Australians love to sit down and chat with their baristas. The coffee is more than a wake-up drink; it’s a moment of unity with your friends and family. You’re not paying high margins for a brand coffee, because you’re not there just for the drink.

The fast expansion intimidated Australians, and they decided to stick with their old ways. Starbucks seemed too American and imposing. Suddenly, you can find the Green Siren logo on every corner. And Australians felt like their coffee culture was under American occupation.

Starbucks failed to adjust the menu for the Australian market. The offer is full of sugary drinks and strange flavors that are unheard of in Italian and Australian culture. The Pumpkin Spice Latte is an insult for the original espresso lovers.

Australians love their flat white, which is a stronger latte. Steamed frothy milk over a double shot of espresso makes for a latte. Flat white is similar to a latte but it has less frothed milk. Starbucks failed to recognize the importance of such a product, offering none on the original menu.

Starbucks picked the wrong locations too. Gloria Jean’s is an American brand that makes it in Australia by offering coffee in shopping malls. Starbucks is set up on stand-alone shops with street frontage, similar to the American stores. And Australians were not having any of it.

Australian Tourism

Australian coffee lovers turned against Starbucks. The year is 2008, and Starbucks is closing 61 out of 87 original stores. Starbucks declared massive losses. International tourists are the only people drinking coffee in Australian Starbucks.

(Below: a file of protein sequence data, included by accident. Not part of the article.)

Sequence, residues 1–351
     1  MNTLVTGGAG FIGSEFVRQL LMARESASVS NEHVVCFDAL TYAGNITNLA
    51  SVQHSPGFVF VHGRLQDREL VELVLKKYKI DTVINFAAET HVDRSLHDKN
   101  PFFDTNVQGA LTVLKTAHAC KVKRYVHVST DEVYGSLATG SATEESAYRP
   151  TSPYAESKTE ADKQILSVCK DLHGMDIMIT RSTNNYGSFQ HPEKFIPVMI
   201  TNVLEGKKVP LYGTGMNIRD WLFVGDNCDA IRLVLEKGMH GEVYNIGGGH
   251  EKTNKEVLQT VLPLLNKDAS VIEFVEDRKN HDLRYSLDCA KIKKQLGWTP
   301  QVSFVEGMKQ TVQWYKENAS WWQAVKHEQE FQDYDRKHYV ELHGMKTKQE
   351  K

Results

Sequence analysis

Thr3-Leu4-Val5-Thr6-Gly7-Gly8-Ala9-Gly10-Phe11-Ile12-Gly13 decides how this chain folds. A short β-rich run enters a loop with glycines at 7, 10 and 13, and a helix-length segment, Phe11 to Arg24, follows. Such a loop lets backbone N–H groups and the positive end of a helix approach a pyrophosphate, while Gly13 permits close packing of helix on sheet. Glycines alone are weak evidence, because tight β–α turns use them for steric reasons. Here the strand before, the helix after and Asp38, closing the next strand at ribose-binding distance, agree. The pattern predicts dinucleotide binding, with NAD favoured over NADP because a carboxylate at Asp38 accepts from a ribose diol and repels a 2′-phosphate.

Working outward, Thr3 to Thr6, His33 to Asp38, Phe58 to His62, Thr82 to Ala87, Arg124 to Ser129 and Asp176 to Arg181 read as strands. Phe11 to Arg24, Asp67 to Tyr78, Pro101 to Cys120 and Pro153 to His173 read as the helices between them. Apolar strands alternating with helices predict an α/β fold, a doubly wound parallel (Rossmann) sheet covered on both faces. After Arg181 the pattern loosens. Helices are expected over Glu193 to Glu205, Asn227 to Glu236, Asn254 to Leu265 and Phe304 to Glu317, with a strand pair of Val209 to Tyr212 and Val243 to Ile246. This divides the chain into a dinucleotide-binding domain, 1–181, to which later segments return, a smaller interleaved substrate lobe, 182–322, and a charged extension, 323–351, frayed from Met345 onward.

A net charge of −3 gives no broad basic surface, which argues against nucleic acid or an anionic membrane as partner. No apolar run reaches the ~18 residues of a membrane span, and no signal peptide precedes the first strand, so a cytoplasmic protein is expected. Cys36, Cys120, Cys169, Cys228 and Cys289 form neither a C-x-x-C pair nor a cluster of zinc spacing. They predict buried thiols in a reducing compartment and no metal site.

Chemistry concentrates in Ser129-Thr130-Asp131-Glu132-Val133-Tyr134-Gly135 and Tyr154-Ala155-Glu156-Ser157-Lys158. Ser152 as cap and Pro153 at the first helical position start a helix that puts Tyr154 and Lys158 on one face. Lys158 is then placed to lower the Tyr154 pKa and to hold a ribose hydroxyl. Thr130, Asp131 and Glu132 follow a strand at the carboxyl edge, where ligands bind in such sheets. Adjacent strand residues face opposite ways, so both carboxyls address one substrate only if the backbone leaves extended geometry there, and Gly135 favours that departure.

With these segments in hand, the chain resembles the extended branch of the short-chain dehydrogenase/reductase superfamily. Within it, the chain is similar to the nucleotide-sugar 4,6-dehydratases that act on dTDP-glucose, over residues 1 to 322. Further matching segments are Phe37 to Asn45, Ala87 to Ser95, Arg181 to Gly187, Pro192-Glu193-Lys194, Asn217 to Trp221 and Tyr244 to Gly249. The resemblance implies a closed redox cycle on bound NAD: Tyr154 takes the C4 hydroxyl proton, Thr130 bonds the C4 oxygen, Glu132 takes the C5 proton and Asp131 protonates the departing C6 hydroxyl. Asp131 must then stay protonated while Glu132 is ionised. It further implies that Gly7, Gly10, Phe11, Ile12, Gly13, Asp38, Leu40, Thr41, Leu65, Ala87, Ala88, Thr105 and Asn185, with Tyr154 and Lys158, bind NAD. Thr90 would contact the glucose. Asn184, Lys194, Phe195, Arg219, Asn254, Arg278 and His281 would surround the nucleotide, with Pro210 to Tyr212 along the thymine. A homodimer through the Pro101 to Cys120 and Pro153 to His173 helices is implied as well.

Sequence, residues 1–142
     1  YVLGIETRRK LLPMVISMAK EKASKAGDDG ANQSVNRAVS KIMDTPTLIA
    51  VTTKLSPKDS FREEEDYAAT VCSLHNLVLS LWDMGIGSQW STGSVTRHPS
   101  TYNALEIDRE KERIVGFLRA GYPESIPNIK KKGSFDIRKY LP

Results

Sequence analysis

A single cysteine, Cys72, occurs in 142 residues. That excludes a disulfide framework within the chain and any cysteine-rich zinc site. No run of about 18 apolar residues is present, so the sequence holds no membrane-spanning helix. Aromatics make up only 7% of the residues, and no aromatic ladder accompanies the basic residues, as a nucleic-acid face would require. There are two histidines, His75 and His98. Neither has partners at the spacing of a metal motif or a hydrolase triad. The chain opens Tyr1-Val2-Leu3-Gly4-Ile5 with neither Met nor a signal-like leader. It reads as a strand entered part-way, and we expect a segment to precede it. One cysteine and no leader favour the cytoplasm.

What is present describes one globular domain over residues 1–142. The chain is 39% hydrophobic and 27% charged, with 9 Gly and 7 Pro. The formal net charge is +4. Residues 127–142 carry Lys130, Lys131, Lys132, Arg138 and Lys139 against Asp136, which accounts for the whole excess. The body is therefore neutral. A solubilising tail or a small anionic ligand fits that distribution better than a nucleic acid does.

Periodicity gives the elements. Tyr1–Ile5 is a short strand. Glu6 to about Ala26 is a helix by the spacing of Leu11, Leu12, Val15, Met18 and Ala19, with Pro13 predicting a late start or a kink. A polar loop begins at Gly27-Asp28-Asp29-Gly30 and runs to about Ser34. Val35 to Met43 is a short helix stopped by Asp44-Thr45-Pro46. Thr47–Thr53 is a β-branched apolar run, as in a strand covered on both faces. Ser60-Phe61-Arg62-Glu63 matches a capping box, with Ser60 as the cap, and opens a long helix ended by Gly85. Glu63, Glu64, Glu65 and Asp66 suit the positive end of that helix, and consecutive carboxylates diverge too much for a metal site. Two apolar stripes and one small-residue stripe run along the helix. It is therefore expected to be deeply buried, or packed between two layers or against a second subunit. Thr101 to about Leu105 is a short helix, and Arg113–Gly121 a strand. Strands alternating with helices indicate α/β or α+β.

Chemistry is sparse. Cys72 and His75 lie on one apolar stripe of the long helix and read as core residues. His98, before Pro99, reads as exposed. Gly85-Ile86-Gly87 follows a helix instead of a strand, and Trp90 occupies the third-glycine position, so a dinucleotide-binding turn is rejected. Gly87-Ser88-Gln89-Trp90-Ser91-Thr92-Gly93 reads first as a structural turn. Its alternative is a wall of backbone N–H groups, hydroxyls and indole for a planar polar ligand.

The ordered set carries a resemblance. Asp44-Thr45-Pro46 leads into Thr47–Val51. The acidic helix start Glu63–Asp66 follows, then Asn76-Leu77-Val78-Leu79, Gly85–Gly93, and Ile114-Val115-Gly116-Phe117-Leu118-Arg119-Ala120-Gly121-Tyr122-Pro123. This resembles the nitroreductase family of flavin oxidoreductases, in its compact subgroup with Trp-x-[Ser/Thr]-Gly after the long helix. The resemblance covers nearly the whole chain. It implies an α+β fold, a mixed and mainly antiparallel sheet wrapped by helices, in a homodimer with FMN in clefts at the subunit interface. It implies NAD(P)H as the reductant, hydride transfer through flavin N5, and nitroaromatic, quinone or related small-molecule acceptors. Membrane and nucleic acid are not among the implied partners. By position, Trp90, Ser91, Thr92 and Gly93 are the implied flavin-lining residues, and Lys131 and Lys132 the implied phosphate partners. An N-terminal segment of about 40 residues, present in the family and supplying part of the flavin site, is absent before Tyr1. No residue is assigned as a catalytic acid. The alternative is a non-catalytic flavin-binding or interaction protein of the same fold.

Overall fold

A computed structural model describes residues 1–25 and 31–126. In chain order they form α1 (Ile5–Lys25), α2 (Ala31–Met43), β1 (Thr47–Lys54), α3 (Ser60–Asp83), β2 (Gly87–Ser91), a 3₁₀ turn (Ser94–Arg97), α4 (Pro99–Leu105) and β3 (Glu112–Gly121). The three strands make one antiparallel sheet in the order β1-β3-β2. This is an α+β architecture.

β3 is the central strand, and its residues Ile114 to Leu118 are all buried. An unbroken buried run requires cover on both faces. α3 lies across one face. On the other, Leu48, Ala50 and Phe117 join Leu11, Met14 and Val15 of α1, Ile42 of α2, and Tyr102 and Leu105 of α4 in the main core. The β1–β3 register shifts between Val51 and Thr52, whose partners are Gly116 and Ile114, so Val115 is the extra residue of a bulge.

Australia’s buzzing tourism kept Starbucks alive. The industry was worth $60 billion in 2019 and employed more than 600 000 people. The brand’s recognition helped the company expand to 39 stores in 2019.

Starbucks was in damage control with the local people in Australia. But the brand was still wildly popular around the world. The Starbucks name gave the brand another chance for Australia.

The Roundup

Sydneysiders are drinking coffee around the block from Starbucks, chatting to their local barista. The guy behind the bar is interested in your new hairstyle, and who is getting married this week.

You can discuss the global health pandemic, and crack a joke or two. That barista is just like your lawyer, doctor, or psychologist. They’re part of the family. Coffee in Australia is also a part of the family.

Starbucks’ rush to conquer the thriving Australian market has been a global disappointment and a disgrace for the largest Espresso brand. Everything that made Starbucks expand so rapidly in extremely unfavorable markets was exactly the problem in the land Down Under.

Coffee success is not a given in Australia, and the company can do much better if it adjusts to the local needs. Starbucks is opening new shops in the shopping malls as of 2019, and the company is changing the menu, hopefully learning from the costly mistakes. Flat white coffee is now regularly on the menu.

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Curious Fellow | Founder at Mad Company, and MadX.Digital | Writes about Current Events, Lifestyle, and Money |

Miami, FL